by Jason Tentor
So you want to be a lawyer?
Well, one of the first steps is to prepare for the LSAT, the required written test for applying to law school. The exam is offered four times a year and takes close to four hours to complete. It consists of five 35-minute sections of multiple choice questions, which consist of reading comprehension, analytical reasoning, and logical reasoning sections.
Most of the test is reading and answering multiple-choice questions, but the analytical reasoning section is where most test takers find difficulty. This section of the test measures your ability to accurately order elements based on a limited number of clues, sometimes referred to as “spatial reasoning.” Those who enjoy brain teasers and abstract mental puzzles should do well on this section.
Everyone planning to apply to law school can benefit from preparation, whether it is formal or informal. For some, checking out a self study LSAT book from the library is sufficient, but if you decide to take this route, be sure to time yourself on several practice tests as the ticking clock will be your adversary during the actual test.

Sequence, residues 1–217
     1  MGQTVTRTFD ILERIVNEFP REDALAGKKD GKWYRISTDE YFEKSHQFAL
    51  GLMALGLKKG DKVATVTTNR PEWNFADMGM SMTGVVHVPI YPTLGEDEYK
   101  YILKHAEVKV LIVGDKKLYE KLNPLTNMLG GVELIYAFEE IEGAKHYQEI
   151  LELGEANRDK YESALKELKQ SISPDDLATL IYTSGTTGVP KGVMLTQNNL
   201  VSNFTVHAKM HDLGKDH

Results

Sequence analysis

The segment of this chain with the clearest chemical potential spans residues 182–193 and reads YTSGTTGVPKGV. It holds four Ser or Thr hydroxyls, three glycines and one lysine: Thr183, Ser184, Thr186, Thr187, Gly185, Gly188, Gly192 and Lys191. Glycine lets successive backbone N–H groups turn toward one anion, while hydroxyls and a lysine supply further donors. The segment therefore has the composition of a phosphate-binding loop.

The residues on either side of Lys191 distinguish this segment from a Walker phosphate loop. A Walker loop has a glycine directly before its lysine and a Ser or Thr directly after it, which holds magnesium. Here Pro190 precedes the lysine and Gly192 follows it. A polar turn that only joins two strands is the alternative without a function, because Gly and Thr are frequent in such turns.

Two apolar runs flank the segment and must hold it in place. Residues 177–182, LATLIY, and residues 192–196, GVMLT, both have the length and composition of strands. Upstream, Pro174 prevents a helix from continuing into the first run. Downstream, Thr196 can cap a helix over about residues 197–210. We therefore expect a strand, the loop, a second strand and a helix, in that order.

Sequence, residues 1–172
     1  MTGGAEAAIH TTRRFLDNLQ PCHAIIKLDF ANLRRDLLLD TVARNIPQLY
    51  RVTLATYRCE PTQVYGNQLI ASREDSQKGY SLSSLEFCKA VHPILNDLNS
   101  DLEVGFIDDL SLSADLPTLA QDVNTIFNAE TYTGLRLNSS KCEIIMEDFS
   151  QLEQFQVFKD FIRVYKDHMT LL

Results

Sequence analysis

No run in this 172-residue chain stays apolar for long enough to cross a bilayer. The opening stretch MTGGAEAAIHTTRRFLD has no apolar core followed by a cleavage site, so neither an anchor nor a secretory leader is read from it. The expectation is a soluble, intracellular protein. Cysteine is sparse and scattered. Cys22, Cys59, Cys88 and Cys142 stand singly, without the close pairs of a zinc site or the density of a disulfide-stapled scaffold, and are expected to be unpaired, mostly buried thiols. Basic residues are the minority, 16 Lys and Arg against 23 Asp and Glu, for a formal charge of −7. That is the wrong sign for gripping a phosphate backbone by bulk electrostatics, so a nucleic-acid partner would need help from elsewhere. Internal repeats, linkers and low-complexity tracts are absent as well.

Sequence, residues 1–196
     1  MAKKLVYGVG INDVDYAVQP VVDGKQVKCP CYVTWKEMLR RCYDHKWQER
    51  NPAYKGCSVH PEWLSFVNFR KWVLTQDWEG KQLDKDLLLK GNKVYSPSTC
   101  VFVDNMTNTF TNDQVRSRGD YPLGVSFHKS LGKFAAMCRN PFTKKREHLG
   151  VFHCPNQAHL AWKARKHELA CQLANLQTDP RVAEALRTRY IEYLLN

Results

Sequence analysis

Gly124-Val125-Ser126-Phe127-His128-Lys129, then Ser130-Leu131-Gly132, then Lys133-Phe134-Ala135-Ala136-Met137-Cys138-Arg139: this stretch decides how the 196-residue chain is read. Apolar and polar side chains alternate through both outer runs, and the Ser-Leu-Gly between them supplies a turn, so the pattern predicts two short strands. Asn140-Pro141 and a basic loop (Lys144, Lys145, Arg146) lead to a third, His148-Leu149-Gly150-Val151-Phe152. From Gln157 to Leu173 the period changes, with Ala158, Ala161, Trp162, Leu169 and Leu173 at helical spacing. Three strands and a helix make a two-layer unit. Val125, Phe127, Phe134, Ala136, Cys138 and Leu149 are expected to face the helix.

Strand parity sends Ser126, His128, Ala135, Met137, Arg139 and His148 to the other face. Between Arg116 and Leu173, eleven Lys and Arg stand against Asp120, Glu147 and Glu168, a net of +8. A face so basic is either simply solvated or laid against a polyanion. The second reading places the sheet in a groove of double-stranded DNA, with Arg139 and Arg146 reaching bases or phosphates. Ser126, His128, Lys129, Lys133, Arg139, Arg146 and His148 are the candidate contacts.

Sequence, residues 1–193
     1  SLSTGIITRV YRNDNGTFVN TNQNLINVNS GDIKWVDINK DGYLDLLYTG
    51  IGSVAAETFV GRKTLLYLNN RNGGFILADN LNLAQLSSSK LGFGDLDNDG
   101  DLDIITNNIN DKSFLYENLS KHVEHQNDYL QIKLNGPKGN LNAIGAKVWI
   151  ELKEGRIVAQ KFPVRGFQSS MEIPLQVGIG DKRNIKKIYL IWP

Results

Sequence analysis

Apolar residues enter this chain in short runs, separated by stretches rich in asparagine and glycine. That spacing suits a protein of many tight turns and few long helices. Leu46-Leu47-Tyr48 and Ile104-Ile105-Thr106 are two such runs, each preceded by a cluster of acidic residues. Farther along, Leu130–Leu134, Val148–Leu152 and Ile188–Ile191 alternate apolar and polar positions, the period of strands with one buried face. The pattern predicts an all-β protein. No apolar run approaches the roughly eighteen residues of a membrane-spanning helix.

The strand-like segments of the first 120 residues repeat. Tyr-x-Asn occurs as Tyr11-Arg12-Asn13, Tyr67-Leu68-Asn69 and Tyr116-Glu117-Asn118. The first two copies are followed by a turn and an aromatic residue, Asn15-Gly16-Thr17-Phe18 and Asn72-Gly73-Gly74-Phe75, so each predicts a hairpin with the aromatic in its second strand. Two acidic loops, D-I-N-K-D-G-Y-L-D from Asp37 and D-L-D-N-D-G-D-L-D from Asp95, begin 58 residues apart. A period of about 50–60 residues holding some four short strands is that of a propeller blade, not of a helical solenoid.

For others who would like more formal preparation, there are a number of options with varying costs. The Princeton Review (around $500) and the Kaplan course (around $1000) are two of the most popular. Private tutoring can be very expensive. Kaplan’s rate for 15 hours is a whopping $2,300, whereas Princeton Review is less at $1,199. An alternative to these more well-known courses with their prices is the Steven Klein Company in Seattle, which offers a 36-hour course with individual tutoring for the price of $1095.
The following are sources for LSAT preparation: